The following article is courtesy of our partner, Banfield Pet Hospital. Used with permission.

Whether you are planning a day hike or a weekend trip, remember that dogs need a few supplies to make sure they stay happy and healthy when traveling or hiking outdoors.

Tips for Hiking with Your Dog


A few things to consider bringing include:

  • Fresh water and a collapsible bowl
  • Food and treats
  • Current ID tags and a well-fitting collar
  • A sturdy leash for walking or securing your pet to a specific area
  • A proper car restraint like a kennel or seatbelt
  • A bed or blanket to lie on
  • Doggie bags for waste
  • Pad protective booties for rocky/rough terrain, snow, ice, cacti or nettles
  • First aid kit
  • Towel to clean your dog
  • Snake bite kit (if appropriate for your area)
  • Dog sunscreen/hat
  • Doggie backpack for sharing the load. Use only if your dog is used to doing this.

For fitness and endurance, train your dog first with small hikes and increase the distance and weight if you plan on having your dog carry a pack, as you both become conditioned. Consider that there might be elevation changes on some trails. Be sure that dogs are allowed on the trails you plan to hike and take note of the nearest emergency veterinary clinic in the area.

It is important to stop frequently and offer your dog water throughout your hike. Don’t feed your dog a large meal before a hike instead, feed a portion of his/her meal and supplement treats throughout the hike.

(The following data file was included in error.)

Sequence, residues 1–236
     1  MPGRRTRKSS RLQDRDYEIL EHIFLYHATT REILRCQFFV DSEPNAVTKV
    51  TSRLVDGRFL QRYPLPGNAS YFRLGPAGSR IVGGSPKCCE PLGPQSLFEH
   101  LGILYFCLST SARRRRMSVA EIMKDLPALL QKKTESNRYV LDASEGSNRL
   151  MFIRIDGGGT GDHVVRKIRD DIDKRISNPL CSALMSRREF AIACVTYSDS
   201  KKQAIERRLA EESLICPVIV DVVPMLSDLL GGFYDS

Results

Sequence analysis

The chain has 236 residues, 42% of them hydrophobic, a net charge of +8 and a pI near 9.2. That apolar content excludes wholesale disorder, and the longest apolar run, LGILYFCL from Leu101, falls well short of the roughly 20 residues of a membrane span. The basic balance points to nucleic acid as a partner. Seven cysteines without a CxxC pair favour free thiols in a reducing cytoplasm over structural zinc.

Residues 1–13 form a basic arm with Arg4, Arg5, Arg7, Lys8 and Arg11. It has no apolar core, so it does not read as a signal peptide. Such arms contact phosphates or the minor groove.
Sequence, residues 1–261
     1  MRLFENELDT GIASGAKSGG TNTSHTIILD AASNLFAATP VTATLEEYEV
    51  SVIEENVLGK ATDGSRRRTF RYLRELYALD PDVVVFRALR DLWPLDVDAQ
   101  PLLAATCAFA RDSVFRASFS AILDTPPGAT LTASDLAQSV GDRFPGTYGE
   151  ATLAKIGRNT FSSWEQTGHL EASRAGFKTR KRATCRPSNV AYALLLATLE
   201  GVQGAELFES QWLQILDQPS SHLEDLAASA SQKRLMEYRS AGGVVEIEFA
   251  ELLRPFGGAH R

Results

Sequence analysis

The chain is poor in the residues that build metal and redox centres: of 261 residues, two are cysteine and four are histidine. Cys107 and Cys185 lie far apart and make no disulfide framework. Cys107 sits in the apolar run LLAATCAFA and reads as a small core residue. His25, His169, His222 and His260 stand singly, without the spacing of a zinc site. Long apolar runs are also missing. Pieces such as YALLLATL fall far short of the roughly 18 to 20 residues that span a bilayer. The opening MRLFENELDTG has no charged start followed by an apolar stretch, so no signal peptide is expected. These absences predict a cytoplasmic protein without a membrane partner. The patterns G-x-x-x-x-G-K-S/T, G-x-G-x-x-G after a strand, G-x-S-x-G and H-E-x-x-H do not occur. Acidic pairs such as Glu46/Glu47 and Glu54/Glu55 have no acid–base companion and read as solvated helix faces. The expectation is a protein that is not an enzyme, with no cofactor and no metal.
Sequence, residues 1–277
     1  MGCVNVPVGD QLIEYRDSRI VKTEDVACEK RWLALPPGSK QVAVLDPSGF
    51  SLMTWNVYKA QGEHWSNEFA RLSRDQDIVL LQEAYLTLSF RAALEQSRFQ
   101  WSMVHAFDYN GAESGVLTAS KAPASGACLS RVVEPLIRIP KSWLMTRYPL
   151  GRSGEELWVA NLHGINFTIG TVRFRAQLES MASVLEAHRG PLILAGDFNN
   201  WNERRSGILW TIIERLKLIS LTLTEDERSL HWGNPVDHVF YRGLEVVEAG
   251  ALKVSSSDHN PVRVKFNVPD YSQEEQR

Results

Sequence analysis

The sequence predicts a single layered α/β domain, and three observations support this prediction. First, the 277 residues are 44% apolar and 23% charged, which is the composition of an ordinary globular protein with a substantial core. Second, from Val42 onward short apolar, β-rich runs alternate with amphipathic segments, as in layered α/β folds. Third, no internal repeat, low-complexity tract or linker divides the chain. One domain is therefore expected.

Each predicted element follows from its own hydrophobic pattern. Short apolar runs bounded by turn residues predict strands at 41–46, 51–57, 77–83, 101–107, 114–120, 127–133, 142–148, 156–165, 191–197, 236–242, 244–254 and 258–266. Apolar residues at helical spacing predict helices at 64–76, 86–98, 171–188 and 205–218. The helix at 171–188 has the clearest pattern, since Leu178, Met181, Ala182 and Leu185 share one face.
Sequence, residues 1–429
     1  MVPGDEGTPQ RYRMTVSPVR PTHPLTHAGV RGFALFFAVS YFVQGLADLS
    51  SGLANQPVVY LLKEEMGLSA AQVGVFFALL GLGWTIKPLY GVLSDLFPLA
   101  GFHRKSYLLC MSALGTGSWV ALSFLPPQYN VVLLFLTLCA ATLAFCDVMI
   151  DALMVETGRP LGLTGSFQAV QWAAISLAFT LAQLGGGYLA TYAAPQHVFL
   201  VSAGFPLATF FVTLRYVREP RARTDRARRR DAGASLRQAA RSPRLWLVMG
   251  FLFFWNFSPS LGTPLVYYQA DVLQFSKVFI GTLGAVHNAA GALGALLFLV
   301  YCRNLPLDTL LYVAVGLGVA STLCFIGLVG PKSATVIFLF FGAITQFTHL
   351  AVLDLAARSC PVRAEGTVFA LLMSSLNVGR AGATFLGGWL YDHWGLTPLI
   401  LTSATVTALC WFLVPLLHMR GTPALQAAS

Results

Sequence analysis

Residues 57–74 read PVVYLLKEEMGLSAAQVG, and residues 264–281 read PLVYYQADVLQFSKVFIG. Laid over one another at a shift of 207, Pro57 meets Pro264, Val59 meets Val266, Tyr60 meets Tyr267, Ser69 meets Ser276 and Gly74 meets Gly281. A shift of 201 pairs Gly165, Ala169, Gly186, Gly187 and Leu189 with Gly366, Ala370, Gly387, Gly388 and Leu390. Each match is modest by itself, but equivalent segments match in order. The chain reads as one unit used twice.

Don’t forget to check with your veterinarian to make sure your dog is up-to-date on his/her vaccines, as well as flea and tick preventives, and properly microchipped before you head out on a trip.

You never know what your pet can pick up in the great outdoors. Many parasites and viruses are shared by wild animals, such as distemper, lepto, intestinal worms, fleas and ticks.

Also, avoid hiking during the hottest part of the day and keep walks to a reasonable pace and distance. Watch for signs of overexertion, such as excessive panting, drooling, weakness or bright red gums. Also look out for hypothermia, frost-nip, injury to paw pads, lameness and exhaustion.

On the trail:

  • Keep your dog on a leash while hiking
  • Steer clear of poison ivy, oak and sumac (look for leaves of three)
  • Stay away from critters such as snakes, porcupines, bears, mountain lions and coyotes
  • Allow time for frequent rest and water breaks, preferably in the shade
  • After the hike, check for fleas and ticks

If you can, hike where there is shade and some water along the way for cooling paw pads. Avoid areas that permit hunting. For smaller or older dogs, forego an overly strenuous hike. For dogs with arthritis or medical conditions, consult your veterinarian.

Good hiking breeds include Beagles, German Shepherds, Irish Setters, Golden/Labrador Retrievers, Boxers, Huskies, Malamutes, Border Collies and Australian Shepherds. In general, sporting, herding and working dogs are fine choices.

With a little planning, hiking with your dog can be a rewarding experience for both of you. Along with providing exercise, you’ll be spending quality time together. Be sure to head out prepared.


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